[Mono-list] Re: Is Objective-C support possible?

Guy Murphy guy.murphy@calaba.com
Mon, 18 Feb 2002 14:13:06 -0000

>>Makes no differency. Any mixin classes would still subclass
>>System.Object or one of its subclasses at the top of a diamond
>>inheritance pattern, meaning that the instantiation of any class that
>>uses mixins has multiple routes back up the tree to the "root"

No not necessarily. If it has CLR support, then as a construct (note, not a class construct) then there's absolutely no reason why it has to inherit from root, or be instantiattable.

One wouldn't reasonably apply your agument to the Interface construct, so there's no reason why a mix-in  can't work in a similar fashion. And working thus, if mixins can only inherit from interfaces and other mixins there's no danger of a mixin presenting a full type or introducing a conflict.

>>Inheritance hierarchies should be strictly directed and acyclical. This
>>is why multiple inheritance is disallowed.

Firstly, a mix-in doesn't impact your agument here, as mix-ins can't be instantiated, they are simply for code reuse of interface implementations (or parts thereof).

Secondly, in your opinion class hierarchies should be strictly directed and acyclical... this is not a rule of law, but a matter of taste and prefered coding practice.

I personaly think multiple inheritence poorly serves when used gratuitously, but I'm a mature developer and I'll darn well make up my own mind as to how I model. I'll not be patronised by those who would corral me like an errant kid by a parent who knows best. Especially by those who'll simply post purist theory without answering real situational questions posed... still waiting for examples as to exactly why mixins pose such a danger.

Thirdly, OO is one model of development, not the only, and definately not always the most suitable for a given task. In the real world OO principles are used to a greater or lesser degree, alongside functional, and procedural principles, depending on the project (the project I've most recently finished, and am currently testing is an inference engine that has precious little to do with OO).

CLR *claims* (and I tend to lend weight to it's claim) to promote as much language agnosis as possible... C# may well be agressively OO, but that doesn't mean that Python.NET or Ruby.NET must be, and it certainly doesn't mean that Haskell.NET, or (more to my recent interest) Mercury should forsake their own paradigms for "Object Orientation According to Dummies".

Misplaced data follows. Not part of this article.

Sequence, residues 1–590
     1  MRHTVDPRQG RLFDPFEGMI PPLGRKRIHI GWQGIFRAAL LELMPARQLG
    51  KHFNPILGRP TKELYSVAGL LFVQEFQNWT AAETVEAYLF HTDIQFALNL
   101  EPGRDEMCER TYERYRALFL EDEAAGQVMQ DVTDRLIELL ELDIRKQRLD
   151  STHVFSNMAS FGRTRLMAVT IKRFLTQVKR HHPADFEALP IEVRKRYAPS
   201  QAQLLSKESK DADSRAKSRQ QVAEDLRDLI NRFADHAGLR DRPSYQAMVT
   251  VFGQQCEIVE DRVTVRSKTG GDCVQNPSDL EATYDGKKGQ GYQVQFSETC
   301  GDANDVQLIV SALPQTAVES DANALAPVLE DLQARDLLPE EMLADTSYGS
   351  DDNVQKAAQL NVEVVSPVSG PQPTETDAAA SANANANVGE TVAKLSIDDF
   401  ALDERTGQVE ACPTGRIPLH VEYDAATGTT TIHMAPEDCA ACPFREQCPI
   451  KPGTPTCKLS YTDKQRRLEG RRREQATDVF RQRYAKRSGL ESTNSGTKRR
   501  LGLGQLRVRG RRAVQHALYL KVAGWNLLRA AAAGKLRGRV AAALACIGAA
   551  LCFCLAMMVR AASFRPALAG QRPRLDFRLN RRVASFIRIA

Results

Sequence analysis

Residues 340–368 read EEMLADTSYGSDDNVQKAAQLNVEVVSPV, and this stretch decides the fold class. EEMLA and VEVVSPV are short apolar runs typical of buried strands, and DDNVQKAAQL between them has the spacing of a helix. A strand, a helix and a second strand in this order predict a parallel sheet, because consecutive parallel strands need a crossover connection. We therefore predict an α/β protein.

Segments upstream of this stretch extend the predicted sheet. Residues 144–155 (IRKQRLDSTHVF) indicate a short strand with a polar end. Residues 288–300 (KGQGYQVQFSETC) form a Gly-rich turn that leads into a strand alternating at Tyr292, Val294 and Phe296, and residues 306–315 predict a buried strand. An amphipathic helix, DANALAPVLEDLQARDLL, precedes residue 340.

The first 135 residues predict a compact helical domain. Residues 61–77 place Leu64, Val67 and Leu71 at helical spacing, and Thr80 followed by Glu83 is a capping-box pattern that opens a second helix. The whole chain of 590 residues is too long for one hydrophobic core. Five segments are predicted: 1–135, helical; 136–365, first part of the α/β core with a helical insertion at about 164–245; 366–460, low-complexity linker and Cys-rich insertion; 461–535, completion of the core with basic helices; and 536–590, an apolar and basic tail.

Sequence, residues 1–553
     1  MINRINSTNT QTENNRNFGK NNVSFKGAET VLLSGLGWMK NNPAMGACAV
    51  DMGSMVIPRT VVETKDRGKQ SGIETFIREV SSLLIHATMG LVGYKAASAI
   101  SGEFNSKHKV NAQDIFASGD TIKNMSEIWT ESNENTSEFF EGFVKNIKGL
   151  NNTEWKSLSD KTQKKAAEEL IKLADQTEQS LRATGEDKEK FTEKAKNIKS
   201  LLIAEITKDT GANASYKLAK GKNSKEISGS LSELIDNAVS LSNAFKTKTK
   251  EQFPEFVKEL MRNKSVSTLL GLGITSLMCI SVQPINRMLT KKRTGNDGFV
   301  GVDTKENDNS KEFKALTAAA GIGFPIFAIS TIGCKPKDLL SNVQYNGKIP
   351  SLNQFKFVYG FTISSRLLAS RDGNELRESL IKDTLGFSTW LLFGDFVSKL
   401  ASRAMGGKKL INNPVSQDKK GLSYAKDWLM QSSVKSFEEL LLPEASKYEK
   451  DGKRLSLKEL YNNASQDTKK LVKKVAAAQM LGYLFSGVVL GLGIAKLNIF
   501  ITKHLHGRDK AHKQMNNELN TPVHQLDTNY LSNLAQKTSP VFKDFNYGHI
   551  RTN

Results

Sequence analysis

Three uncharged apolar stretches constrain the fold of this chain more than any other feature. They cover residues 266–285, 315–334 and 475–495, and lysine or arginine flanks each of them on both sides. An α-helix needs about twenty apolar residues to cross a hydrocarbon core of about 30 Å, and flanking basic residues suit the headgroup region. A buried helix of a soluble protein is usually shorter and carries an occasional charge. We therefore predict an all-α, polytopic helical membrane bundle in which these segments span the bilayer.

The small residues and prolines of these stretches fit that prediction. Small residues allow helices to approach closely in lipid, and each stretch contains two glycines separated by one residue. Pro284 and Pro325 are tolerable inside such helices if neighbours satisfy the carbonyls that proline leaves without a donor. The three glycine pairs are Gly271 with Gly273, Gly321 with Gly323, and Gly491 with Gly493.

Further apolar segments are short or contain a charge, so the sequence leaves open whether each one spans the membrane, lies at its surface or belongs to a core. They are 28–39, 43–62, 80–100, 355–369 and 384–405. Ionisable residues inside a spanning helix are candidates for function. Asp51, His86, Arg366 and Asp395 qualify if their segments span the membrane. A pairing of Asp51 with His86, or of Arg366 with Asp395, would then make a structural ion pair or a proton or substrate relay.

This isn't a side issue for .NET (and therefore Mono), but is in fact a core issue. The strongest critisisms against the .NET strategy have been that it isn't language agnostic, and indeed is a charade of language skinning (which clearly isn't the case if one looks at ho Haskell has worked the issue)... but to turn around and say there is the one annointed way of OO, and all languages shall adhere is a good way to reduce .NET to the same scope as Java... a rather limited scope I might add, as there are many things OO is really rather poor at.

**Some langauges that are implimented in .NET wont even be OO languages** And some will have a very different take on what OO is, some not even using the same terminology.


>>Mixins are not interfaces, I know that. What I am saying is, interfaces
>>are what mixins should be.

Which is to totally miss the purpose of mix-ins.

The rest of this discussion can be continued off list if you so wish, as it's starting to get tangental to the core interest of the list, and after reading your original posts I think could have been nipped in the bud by you simply saying you hadn't understood what mixins where.

If you wish to continue the dialogue off-list you can start by letting me know if you're a CS student, or actualy work as a developer.